Fast Repetition Rate fluorometry (FRRf) has been increasingly used to measure marine primary productivity by oceanographers to understand how carbon (C) uptake patterns vary over space and time in the global ocean. As FRRf measures electron transport rates through photosystem II (ETRPSII), a critical, but difficult to predict conversion factor termed the “electron requirement for carbon fixation” (Φe,C) is needed to scale ETRPSII to C-fixation rates. Recent studies have generally focused on understanding environmental regulation of Φe,C, while taxonomic control has been explored by only a handful of laboratory studies encompassing a limited diversity of phytoplankton species. We therefore assessed Φe,C for a wide range of marine phytoplankton (n = 17 strains) spanning multiple taxonomic and size classes. Data mined from previous studies were further considered to determine whether Φe,C variability could be explained by taxonomy versus other phenotypic traits influencing growth and physiological performance (e.g., cell size). We found that Φe,C exhibited considerable variability (~4–10 mol e- · [mol C]−1) and was negatively correlated with growth rate (R2 = 0.7, P < 0.01). Diatoms exhibited a lower Φe,C compared to chlorophytes during steady-state, nutrient-replete growth. Inclusion of meta-analysis data did not find significant relationships between Φe,C and class, or growth rate, although confounding factors inherent to methodological inconsistencies between studies likely contributed to this. Knowledge of empirical relationships between Φe,C and growth rate coupled with recent improvements in quantifying phytoplankton growth rates in situ, facilitate up-scaling of FRRf campaigns to routinely derive Φe,C needed to assess ocean C-cycling.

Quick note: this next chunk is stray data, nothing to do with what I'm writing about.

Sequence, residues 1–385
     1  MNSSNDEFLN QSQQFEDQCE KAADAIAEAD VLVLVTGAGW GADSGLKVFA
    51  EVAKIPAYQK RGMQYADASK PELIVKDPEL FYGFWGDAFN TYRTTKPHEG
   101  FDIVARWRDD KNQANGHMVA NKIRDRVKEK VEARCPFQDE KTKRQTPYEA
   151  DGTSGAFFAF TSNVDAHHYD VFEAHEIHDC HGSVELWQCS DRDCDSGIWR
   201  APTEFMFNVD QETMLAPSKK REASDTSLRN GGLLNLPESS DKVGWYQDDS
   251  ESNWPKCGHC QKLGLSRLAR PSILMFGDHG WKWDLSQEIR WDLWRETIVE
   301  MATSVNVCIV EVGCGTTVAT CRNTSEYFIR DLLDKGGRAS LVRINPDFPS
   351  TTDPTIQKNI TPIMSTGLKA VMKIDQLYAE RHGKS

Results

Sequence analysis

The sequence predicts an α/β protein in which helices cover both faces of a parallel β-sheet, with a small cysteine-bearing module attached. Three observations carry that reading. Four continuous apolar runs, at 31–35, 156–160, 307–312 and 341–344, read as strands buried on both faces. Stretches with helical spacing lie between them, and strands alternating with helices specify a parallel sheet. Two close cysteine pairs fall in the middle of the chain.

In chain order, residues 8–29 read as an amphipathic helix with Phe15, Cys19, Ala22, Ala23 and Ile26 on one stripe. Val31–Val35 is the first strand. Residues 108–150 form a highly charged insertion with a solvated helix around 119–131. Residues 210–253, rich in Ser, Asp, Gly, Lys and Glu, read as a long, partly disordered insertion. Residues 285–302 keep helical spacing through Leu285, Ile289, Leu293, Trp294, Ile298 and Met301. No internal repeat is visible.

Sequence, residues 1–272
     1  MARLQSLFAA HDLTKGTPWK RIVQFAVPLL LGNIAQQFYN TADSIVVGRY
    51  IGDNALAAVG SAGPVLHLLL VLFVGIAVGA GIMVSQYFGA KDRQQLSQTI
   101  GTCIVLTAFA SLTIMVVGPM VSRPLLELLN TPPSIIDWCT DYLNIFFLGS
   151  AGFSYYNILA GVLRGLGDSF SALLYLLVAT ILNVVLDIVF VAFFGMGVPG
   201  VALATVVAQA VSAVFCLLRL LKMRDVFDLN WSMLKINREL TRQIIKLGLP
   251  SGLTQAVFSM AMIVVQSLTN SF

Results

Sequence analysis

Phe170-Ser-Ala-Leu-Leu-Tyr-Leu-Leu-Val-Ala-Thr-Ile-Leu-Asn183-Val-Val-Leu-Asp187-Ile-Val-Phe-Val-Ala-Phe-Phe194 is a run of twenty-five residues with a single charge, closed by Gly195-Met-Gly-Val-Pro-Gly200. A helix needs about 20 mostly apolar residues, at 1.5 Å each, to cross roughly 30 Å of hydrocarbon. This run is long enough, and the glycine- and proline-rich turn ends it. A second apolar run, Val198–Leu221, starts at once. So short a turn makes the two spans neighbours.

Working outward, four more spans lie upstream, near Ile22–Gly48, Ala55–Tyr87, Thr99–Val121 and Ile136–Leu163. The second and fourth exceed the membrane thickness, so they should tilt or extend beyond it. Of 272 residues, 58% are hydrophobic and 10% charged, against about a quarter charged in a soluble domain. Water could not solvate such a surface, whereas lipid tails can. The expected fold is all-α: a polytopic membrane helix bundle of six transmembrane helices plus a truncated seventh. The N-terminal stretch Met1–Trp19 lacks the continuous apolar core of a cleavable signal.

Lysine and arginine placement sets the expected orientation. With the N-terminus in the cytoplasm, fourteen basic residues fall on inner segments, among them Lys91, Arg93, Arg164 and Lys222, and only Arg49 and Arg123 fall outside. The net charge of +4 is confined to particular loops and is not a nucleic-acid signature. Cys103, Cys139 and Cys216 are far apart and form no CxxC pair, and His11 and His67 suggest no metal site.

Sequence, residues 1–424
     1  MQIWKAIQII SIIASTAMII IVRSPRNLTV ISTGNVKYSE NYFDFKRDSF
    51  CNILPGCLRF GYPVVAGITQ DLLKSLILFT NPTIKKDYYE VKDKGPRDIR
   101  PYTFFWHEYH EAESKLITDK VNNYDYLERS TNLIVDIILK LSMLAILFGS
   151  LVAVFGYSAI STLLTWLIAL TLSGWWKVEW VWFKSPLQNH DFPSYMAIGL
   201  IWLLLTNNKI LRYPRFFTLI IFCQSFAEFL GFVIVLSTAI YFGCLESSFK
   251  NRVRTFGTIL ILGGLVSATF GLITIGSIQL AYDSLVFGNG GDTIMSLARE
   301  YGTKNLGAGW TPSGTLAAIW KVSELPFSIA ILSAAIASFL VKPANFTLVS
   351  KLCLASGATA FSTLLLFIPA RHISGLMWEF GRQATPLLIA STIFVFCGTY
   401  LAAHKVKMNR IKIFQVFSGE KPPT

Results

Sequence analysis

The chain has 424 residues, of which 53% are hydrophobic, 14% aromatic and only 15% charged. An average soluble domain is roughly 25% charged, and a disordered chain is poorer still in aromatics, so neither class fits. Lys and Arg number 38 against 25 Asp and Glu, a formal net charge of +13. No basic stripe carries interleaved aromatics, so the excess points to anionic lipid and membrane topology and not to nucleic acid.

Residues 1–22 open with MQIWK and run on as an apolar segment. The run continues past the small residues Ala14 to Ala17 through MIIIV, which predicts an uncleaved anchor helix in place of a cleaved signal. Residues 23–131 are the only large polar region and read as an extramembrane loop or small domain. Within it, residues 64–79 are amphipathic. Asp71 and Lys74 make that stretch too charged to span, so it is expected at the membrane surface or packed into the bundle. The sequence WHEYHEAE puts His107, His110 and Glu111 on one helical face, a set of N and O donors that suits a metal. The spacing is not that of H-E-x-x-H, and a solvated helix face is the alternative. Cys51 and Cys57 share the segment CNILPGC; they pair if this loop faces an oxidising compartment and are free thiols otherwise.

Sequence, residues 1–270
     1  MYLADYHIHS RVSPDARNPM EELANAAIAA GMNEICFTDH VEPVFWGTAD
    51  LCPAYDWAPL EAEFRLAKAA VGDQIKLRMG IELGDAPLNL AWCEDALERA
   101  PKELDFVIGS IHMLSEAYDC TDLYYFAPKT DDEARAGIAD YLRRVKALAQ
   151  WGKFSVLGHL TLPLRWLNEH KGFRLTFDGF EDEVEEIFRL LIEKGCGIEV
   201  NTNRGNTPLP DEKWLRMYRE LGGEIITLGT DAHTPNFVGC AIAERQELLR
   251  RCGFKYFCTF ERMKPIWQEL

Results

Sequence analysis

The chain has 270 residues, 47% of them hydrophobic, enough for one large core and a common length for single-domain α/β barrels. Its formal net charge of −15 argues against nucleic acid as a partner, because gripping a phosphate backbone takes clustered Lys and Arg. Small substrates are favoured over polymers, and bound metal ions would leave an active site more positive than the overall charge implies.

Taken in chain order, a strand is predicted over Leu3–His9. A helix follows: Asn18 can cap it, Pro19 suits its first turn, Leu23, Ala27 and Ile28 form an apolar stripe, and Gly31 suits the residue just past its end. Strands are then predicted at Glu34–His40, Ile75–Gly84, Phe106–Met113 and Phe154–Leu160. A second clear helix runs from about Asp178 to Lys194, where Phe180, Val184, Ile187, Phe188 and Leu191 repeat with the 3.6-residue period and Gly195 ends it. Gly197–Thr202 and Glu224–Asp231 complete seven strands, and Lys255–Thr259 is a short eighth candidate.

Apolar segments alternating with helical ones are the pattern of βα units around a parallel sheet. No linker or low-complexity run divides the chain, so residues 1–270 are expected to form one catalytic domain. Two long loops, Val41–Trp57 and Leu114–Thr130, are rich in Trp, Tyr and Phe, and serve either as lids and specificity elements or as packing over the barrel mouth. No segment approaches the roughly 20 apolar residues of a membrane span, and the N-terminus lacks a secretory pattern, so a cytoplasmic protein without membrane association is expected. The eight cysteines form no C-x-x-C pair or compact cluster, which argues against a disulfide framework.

- carbon fixation
- electron requirements
- Fast Repetition Rate fluorometry